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When It Comes to Business Travel, Hawaiʻi Is Projected to Lose $1.1B This Year

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When it comes to business travel, Hawaiʻi is projected to lose $1.1 billion this year compared to 2019, according to a report from the American Hotel and Lodging Association.

Hawaiʻi primarily draws leisure travelers — but nationally, business travel is a big revenue generator for cities.

But the lingering effects of COVID-19 are causing organizations and companies to reduce trips and events this year.

Locally, the meetings, conferences and incentives, or MCI, market accounts for a majority of business travel.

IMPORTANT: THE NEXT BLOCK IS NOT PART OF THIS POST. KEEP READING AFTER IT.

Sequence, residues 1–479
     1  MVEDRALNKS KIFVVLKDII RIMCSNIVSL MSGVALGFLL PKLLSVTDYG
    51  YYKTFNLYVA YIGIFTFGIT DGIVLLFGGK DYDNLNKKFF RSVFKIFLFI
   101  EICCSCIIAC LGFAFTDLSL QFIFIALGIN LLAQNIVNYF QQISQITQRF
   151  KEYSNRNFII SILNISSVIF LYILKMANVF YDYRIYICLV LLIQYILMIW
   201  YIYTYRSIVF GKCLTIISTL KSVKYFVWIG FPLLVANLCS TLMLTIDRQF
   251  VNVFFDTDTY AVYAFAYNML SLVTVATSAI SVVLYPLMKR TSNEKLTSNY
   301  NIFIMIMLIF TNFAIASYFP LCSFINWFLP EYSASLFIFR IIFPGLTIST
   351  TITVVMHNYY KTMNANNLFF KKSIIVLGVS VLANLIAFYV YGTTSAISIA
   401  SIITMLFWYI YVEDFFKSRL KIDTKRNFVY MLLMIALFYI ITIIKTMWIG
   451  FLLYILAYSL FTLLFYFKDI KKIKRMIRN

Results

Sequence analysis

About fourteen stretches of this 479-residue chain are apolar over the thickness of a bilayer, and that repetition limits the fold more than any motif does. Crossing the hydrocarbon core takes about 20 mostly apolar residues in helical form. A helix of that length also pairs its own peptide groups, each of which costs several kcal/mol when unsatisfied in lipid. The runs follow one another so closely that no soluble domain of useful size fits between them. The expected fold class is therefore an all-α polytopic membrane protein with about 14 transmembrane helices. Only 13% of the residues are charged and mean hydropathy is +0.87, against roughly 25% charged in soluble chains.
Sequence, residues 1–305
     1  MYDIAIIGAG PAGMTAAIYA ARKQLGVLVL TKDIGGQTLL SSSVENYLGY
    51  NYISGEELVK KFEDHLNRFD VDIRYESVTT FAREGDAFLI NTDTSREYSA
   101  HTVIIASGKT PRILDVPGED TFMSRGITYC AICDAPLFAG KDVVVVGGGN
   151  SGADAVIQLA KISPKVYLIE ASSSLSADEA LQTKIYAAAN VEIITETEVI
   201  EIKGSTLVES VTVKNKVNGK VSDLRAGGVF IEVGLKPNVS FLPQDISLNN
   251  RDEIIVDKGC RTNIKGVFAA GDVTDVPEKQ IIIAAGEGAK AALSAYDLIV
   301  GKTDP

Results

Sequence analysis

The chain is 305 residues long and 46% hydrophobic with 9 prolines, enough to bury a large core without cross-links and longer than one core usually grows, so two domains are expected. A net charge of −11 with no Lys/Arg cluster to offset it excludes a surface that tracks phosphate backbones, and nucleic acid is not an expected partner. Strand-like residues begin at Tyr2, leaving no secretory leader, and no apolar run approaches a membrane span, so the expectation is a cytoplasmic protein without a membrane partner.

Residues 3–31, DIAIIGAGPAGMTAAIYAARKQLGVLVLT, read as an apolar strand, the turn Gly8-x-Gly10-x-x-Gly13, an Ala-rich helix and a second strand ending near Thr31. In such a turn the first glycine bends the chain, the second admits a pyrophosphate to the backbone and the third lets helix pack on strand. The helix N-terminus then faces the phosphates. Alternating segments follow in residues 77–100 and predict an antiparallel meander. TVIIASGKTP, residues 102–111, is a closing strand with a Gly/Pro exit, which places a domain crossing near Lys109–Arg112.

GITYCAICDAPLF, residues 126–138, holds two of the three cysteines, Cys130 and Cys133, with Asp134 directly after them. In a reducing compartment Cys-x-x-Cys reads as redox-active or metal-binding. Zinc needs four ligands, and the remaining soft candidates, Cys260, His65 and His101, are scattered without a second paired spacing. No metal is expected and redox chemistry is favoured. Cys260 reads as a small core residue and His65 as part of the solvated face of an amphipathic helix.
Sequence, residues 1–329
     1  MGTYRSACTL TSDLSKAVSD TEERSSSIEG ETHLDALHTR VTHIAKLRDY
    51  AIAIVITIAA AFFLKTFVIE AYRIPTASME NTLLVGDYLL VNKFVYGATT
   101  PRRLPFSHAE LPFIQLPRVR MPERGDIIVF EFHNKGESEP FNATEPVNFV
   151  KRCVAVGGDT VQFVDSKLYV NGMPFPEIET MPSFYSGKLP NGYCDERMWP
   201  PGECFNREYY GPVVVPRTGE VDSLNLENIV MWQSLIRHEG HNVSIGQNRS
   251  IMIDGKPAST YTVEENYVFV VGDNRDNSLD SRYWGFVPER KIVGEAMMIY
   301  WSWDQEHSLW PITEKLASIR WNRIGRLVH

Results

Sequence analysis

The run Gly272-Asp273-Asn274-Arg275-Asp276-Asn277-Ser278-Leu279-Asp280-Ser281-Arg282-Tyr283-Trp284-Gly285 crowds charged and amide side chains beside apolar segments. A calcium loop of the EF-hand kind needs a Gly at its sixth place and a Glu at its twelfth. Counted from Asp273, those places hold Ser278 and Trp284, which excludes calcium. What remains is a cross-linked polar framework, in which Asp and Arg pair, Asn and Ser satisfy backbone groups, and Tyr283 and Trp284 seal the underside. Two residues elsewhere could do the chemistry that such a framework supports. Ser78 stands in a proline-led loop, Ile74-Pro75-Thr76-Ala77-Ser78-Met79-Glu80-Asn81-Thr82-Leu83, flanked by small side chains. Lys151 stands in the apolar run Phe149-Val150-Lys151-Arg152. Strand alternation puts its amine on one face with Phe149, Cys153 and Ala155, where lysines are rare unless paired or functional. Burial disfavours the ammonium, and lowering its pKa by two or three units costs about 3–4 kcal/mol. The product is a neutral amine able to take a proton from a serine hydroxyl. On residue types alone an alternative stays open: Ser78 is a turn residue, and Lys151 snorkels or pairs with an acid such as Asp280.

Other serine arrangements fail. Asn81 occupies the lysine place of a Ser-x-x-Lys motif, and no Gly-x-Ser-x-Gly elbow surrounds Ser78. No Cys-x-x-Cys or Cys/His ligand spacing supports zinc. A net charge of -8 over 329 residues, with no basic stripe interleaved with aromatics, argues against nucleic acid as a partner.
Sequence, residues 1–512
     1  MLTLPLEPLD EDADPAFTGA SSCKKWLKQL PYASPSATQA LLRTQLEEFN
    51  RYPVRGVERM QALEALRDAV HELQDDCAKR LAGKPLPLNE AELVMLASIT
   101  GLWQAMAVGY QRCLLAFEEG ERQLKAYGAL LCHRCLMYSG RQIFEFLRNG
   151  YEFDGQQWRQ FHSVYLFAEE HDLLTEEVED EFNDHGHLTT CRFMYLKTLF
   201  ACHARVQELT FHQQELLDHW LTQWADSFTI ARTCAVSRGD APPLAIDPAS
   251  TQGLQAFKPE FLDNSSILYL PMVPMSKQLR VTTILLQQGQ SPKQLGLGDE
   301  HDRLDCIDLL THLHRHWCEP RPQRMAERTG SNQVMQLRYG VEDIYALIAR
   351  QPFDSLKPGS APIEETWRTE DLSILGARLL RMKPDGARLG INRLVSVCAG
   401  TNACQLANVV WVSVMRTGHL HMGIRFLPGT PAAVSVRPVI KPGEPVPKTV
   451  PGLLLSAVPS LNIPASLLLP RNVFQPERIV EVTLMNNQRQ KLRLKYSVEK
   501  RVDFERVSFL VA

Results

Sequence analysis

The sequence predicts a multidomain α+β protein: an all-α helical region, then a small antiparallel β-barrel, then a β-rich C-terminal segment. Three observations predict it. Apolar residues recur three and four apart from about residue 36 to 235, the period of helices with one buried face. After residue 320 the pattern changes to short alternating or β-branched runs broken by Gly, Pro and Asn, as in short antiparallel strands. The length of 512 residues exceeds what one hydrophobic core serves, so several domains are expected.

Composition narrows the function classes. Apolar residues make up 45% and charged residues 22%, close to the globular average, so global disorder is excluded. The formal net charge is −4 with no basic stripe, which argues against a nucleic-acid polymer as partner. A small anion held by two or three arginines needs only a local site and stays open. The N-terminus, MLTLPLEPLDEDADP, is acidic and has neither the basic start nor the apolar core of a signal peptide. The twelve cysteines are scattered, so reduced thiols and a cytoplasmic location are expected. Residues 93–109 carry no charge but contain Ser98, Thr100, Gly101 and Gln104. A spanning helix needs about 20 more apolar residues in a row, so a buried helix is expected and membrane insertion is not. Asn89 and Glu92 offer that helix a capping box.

Kalani Kaʻanaʻana, the Hawaiʻi Tourism Authority’s chief brand officer, says prior to the pandemic it made up 5% to 7% of the overall visitor arrivals — which still has value.

"On the meeting side and the MCI side, those are really the travelers we’re going after. They tend to be more respectful, they’re happening in structured events where they’re occupied during the day — reducing their impact and traffic and other things," Kaʻanaʻana said.

"They tend to have a higher spend compared to a leisure traveler. And so I think for us, they really form the kind of core market that we really like to see of respectful travelers who travel pono," he told Hawaiʻi Public Radio. "Also, they have additional benefits because many of them will add days before and after the conference."

Kaʻanaʻana says in order for tourism and business travel to recover — we have to better understand how to live with COVID.

Casey Harlow was an HPR reporter and occasionally filled in as local host of Morning Edition and All Things Considered.
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